19. Liu G, Zhang H, Hu J, Zhai Y, Xu D, et al. (2006) Studies of performance degradation of a high temperature PEMFC based on H3PO4-doped PBI. J Power Sources 162: 547-552.
  20. Zhai Y, Zhang H, Liu G, Hu J, Yi B (2007) Degradation study on MEA inH3PO4/PBI high-temperature PEMFC life test. J Electrochem Soc 154: B72-B76.
  21. Wijmans JG, Smolders CA (1986) In Bungay PM, Lonsdale HK, de Pinho MN (Eds.) Synthetic Membranes: Science, Engineering and Application. NATO ASI Series, Series C: Mathematical and Physical Sciences.
  22. Brandrup J, Immergut EH (Eds) (1989) Polymer Handbook 3rd ed. Wiley, New York, USA.
  23. Omata T (2008) Proceedings of the 4th International Hydrogen & Fuel Cell Expo, FC-2.
  24. Shi W, Hou M, Shao Z, Hu J, Hou Z, et al. (2007) A novel proton exchange membrane fuel cell anode for enhancing CO tolerance. J Power Sources 174: 164-169
  25. Wan CH, Zhuang QH (2007) Novel layer wise anode structure with improved CO-tolerance capability for PEM fuel cell. Electro Chim Acta 52: 4111-4123.
  26. Xing B, Savadogo O (2000) Hydrogen/Oxygen Polymer Electrolyte Membrane Fuel Cells (PEMFCS) Based on Alkaline-Doped Polybenzimidazole (PBI). Electrochem Commun 2: 697-702.
  27. Donoso P, GoreckiW, Berthier C (1988) NMR, conductivity and neutron scattering investigation of ionic dynamics in the anhydrous polymer protonic conductor PEO(H3PO4)x. Solid State Ionics 28-30: 969-974.
  28. Weeks SP, Zupancic JJ, Swedo JR (1988) Proton conducting interpenetrating polymer networks. Solid State Ionics 31: 117-125.
  29. Vargas MA, Vargas RA, Mellander BE (1999) More studies on the PVAl+H3PO2+H2O proton conductor gels. Electrochim Acta 45: 1399-1403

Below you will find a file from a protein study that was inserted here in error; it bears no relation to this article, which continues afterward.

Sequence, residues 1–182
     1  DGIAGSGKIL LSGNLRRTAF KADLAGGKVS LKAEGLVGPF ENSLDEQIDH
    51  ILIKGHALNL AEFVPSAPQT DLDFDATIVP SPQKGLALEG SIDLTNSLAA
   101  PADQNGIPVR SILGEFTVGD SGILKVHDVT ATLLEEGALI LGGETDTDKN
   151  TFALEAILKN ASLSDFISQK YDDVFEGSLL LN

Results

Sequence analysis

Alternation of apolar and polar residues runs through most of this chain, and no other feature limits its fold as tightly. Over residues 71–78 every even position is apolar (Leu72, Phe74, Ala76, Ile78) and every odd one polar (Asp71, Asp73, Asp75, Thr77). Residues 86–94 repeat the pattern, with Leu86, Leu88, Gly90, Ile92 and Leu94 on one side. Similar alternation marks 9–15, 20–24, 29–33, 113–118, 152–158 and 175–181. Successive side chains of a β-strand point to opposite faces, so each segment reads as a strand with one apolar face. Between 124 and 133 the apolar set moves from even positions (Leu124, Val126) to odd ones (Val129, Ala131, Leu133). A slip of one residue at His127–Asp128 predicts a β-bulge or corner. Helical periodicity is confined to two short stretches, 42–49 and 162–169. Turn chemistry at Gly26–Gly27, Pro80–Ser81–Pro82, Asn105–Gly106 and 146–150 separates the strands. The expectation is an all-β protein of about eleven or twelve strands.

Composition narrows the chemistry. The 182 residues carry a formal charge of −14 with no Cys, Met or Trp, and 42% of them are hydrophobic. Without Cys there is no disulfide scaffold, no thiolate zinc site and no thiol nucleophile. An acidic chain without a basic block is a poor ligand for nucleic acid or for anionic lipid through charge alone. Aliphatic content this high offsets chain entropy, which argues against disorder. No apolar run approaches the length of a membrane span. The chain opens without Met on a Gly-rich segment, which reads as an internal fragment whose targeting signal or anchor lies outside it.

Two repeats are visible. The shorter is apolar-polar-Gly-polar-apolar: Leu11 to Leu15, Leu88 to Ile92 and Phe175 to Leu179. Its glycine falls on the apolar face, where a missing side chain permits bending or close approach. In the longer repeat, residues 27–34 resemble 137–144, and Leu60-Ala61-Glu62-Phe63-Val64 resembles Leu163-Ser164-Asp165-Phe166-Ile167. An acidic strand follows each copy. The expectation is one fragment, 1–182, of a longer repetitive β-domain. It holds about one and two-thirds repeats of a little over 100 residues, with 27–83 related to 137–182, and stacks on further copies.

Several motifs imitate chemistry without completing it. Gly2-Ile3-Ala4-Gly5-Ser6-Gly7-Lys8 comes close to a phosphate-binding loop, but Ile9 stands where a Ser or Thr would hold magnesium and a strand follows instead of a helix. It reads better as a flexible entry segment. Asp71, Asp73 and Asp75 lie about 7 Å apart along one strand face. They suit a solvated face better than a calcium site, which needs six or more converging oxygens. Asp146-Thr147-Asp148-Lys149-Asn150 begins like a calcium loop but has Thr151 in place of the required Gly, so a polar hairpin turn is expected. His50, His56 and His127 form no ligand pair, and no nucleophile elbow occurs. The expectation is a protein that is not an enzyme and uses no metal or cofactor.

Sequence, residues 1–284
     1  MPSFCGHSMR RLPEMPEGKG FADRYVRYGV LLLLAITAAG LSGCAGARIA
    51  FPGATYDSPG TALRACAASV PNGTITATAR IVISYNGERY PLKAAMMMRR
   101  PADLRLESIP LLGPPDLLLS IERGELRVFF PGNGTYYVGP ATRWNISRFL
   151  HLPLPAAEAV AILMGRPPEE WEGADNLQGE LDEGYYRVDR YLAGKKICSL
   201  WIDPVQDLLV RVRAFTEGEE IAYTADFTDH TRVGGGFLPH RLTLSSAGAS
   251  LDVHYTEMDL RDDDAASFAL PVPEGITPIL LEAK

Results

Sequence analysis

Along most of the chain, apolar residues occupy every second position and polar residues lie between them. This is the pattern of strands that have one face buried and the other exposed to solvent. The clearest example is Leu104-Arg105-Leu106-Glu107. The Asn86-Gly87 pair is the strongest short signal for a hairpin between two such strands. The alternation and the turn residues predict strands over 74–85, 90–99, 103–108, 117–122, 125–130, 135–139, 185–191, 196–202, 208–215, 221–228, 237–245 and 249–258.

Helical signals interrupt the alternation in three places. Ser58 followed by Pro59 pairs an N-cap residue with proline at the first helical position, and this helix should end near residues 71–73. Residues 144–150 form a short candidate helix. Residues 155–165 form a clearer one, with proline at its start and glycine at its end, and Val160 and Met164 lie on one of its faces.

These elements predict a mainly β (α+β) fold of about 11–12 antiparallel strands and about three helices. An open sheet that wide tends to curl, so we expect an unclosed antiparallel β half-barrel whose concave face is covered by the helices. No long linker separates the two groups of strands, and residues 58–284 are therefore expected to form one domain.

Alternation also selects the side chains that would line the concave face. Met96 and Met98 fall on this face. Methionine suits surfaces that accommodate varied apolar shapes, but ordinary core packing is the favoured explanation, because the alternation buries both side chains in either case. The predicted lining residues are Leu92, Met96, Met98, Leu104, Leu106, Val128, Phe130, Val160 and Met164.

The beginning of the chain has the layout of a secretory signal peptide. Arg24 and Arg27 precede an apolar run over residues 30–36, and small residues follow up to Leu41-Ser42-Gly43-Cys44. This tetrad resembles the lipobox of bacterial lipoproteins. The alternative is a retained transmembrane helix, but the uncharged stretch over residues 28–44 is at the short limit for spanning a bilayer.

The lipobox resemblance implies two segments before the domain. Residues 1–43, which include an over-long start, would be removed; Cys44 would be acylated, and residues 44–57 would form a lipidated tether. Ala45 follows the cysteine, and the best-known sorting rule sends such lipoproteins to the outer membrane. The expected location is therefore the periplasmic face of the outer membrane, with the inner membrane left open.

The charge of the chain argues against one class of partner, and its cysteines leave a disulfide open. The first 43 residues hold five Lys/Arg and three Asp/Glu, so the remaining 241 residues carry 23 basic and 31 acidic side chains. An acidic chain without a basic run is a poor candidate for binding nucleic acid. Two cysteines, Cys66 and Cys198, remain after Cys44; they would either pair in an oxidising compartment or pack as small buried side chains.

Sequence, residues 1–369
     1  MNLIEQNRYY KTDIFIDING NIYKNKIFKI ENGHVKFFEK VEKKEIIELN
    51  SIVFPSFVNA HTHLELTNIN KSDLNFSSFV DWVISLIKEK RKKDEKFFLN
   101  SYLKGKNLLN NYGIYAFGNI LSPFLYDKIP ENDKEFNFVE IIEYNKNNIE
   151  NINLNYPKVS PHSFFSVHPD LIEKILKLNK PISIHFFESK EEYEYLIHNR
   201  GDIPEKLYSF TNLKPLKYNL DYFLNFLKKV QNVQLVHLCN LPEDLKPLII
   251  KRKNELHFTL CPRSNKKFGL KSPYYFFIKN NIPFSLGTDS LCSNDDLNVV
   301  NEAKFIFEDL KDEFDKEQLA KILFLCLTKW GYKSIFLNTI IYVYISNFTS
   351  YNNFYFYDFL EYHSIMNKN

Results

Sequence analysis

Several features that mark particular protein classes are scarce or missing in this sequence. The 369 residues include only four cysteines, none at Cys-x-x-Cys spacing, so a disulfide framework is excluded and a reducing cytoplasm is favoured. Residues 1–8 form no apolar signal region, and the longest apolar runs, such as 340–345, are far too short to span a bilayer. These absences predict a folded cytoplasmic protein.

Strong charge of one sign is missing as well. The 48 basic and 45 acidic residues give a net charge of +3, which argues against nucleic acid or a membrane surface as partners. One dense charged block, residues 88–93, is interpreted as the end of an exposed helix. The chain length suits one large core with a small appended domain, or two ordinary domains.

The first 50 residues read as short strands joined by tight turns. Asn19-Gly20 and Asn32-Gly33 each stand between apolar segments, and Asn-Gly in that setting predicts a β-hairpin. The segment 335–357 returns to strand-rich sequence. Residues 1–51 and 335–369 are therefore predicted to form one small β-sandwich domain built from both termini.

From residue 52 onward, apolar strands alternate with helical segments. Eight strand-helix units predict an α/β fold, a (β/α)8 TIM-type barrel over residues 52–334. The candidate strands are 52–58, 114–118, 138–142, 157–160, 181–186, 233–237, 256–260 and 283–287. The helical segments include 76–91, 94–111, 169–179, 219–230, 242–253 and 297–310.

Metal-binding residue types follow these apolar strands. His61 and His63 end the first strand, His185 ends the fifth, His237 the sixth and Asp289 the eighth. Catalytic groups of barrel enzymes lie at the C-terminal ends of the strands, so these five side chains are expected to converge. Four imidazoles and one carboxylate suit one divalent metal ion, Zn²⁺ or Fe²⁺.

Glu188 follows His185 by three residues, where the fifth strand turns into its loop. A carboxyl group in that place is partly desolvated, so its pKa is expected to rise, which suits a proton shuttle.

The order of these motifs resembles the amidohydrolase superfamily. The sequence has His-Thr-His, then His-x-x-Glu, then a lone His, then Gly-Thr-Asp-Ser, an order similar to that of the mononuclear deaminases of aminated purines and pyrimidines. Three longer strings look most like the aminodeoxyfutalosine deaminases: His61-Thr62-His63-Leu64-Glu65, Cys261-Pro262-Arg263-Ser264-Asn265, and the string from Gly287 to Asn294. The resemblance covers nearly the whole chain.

30. Lassègues JC, Desbat B, Trinquet O, Cruege F, Poinsignon C (1989) From model solid-state protonic conductors to new polymer electrolytes. Solid State Ionics 35: 17-25
  31. Rogriguez D, Jegat C, Trinquet O, Grondin J, Lassègues JC (1993) Proton conduction in poly (acrylamide)-acid blends. Solid State Ionics 61: 195-202.
  32. Daniel MF, Desbat B, Cruege F, Trinquet O, Lassègues JC (1988) Solid state protonic conductors: Poly (ethylene imine) sulfates and phosphates. Solid State Ionics 28-30: 637-641
  33. Adjemian KT, Dominey R, Krishnan L, Ota H, Majsztrik P, et al. (2006) Function and Characterization of Metal Oxide-Nafion Composite Membranes for Elevated Temperature H2/O2 PEM Fuel Cells. Chem Mater 18: 2238-2248
  34. Thampan TM, Jalani NH, Choi P, Datta R (2005) Systematic approach to design of higher temperature composite proton-exchange membranes. J Electrochem Soc 152: A316-A325.
  35. Kanamura K, Morikawa H, Umegaki T (2003) Observation of interface between Pt electrode and nafion membrane. J Electrochem Soc 150: A193-A198.
  36. Eikerling M, Kornyshev AA, Stimming U (1997) Electro physical properties of polymer electrolyte membranes: A random network model. J Phys Chem B 101: 10807-10820.
  37. Bia C, Zhanga H, Zhanga Yu, Zhuc X, Maa Y, et al. (2008) Fabrication and investigation of SiO2 supported sulfated zirconia/Nafion® self-humidifying membrane for proton exchange membrane fuel cell applications. Journal of Power Sources 184: 197-203.
  38. Zhai Y, Zhang H, Hu J, Yi B (2006) Preparation and characterization of sulfated zirconia (SO42-/ZrO2)/Nafion composite membranes for PEMFC operation at high temperature/low humidity. J Membr Sci 280: 148-155
  39. Zhang Y, Zhang H, Zhai Y, Zhu X, Bi C (2007) Investigation of self-humidifying membranes based on sulfonated poly (ether ether ketone) hybrid with sulfated zirconia supported Pt catalyst for fuel cell applications. J Power Sources 168: 323-329
  40. Abdel-Hady EE, Abdel-Hamed MO, El-Toony MM, El-Sharkawy MR (2011) Comparative study between sulfonation and phosphoration for commercial PTFE grafted with Styrene for fuel cell application. J Membra Sci Technol 1: 3
  41. Thampan TM, Jalani NH, Choi P, Datta R (2005) Systematic approach to design of higher temperature composite proton-exchange membranes. J Electrochem Soc 152: A316-A325
  42. Mason EA, Malinauskas AP (1983) Gas transport in porous media: The dusty gas mode. Elsevier, Amsterdam, Netherlands.
Citation: Abdel-Hady EE, El-Toony MM, Abdel-Hamed MO (2012) Casting Membrane of Acrylamide/Polymethacrylic acid and Reinforced by PAC for Application in Fuel Cell Unit. J Membra Sci Technol 2:111.

Copyright: © 2012 Abdel-Hady EE, et al. This is an open-access article distributed under the terms of the Creative Commons Attribution License, which permits unrestricted use, distribution, and reproduction in any medium, provided the original author and source are credited.